Goldman, Edwin Franko


Renowned bandmaster and composer famed for his marches


Condition:  Very Good, slightly age-toned overall
Description:  (1878-1956) Jewish-American composer and conductor. One of the most significant American band composers of the early 20th century, composed 150+ works, best known for his marches and founded the renowned Goldman Band of New York and the American Bandmasters Association.  His works are characterized by their pleasant and catchy tunes, as well as their fine trios and solos. He also encouraged audiences to whistle/hum along to his marches. He wrote singing and whistling into the score of “On the Mall” which vies with “Chimes of Liberty” as his most-enduring marches.

Born in Kentucky, and at 9 he moved to New York City. Before her marriage, Goldman’s mother was a professional pianist and part of the famous Franko Family, which made its debut at Steinway Hall in 1869. At 9, Goldman studied cornet at New York’s Hebrew Orphan Asylum. In 1892, he attended the National Conservatory of Music after winning a scholarship. In 1893 he became a professional trumpet player, performing with the Metropolitan Opera House orchestra alongside his uncle Nahan Franko, the orchestra’s concertmaster and assistant conductor. In 1909 he left the Metropolitan Opera orchestra to work for the publishing house Carl Fischer Music, where he remained for 10 years.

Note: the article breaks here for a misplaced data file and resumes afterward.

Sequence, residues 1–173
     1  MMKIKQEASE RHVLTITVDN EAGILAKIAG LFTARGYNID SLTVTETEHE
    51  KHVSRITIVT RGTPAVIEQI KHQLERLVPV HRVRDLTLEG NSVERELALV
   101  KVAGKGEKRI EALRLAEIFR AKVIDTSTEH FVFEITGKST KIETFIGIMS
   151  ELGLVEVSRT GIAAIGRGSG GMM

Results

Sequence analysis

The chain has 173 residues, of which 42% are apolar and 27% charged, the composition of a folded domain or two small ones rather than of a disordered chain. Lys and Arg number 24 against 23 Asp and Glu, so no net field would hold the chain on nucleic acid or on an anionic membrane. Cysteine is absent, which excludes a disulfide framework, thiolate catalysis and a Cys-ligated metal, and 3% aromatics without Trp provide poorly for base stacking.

Goldman founded the New York Military Band in 1911, later known as the Goldman Band. The Band played summer concerts throughout New York, especially at The Green at Columbia University and at The Mall in Central Park. In the 1930s the band performed 3 nights a week at Brooklyn’s Prospect Park bandstand, also heard on many radio broadcasts. A feature of every concert was the encore, almost always Ravel’s “Bolero” or Goldman’s own composition “On the Mall”, accompanied by the audience singing the theme. He moonlighted as the first professional “coach” of Columbia University’s marching and symphonic bands 1920-26. His wife wrote the lyrics to “On the Mall” and several other of his more popular pieces.

In 1929, he founded the American Bandmasters Association and was Second Honorary Life President after Sousa. For his contribution to the radio industry, Goldman has a star on the Hollywood Walk of Fame. In 1931, he wrote the “Boy Scouts of America March”. He also composed many cornet solos and other short works for piano and orchestra.

Pencil signed lined 3 x 5 note card

Type: Signed Card

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